Jennifer Robinson gives the 2021 Hal Wootten Lecture for 50th anniversary of the University of New South Wales’ Law School

Yesterday, Jennifer Robinson gave the 2021 Hal Wootten Lecture to mark the 50th anniversary of the University of New South Wales’ Law School. Previous speakers have included the Prime Minister of East Timor, Jose Ramos-Horta, the former Chief Justice of Australia, Sir Gerard Brennan AC KBE QC, and former South African Constitutional Court Justice, Albie Sachs.

The annual memorial lecture was established in 2006 to honour Professor Hal Wootten QC (or Hal, as he preferred to be known), a distinguished barrister, judge and academic, who founded the law school and the Aboriginal Legal Service (ALS). The lecture this year was sadly the first to be given since Hal passed away. Jen’s invitation to give the lecture came from Hal just before he died. Obituaries and reports described Hal as a “legal giant”.

Jen’s lecture was a tribute to Hal, his life and his work. Throughout his life, Hal encouraged lawyers and students to think about “living greatly in the law”: living and working with a passion for justice, seeing the law in its social context and ensuring that the law serves those most in need. He urged lawyers to seek out opportunities “to give a little nudge that sends the law along the direction it ought to go”, which – in turn, he wrote – “can affect where the world goes”. Reflecting on Hal’s legacy, Jen set out how she came to share Hal’s views about the role of the law in protecting human rights, addressing the climate crisis and contributing to progressive social change.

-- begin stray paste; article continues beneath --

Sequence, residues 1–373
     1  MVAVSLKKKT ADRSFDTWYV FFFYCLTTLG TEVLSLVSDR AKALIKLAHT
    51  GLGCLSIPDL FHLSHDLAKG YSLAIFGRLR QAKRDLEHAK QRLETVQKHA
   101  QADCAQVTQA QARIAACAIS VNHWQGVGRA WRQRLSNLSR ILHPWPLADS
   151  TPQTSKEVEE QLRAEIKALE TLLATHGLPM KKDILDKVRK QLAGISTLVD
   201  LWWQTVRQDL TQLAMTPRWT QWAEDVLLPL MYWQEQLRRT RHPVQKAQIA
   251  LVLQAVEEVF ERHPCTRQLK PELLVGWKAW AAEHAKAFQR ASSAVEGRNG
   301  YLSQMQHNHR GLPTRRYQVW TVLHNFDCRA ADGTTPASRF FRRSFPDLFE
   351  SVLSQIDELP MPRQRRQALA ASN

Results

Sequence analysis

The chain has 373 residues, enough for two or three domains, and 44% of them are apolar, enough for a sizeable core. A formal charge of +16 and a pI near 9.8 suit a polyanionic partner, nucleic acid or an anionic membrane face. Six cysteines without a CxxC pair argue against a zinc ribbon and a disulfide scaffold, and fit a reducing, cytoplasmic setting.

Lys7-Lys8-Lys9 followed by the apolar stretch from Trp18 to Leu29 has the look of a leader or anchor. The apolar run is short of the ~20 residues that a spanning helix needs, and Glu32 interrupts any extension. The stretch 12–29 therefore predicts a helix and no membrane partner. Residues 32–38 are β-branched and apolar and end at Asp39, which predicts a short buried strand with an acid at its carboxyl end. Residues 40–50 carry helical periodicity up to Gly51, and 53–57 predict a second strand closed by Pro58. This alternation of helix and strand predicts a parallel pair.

The vote of thanks after the lecture has historically been given by Hal himself, but this year was given by Professor Andrea Durbach. Professor Durbach spoke of how the parallels between Jen’s practice and Hal’s work show a shared intention “to demonstrate that the rationale for law’s function is its aspiration to justice”.

The full lecture can be found here and vote of thanks are available here.

News reports about Hal’s passing can be found here, here and here.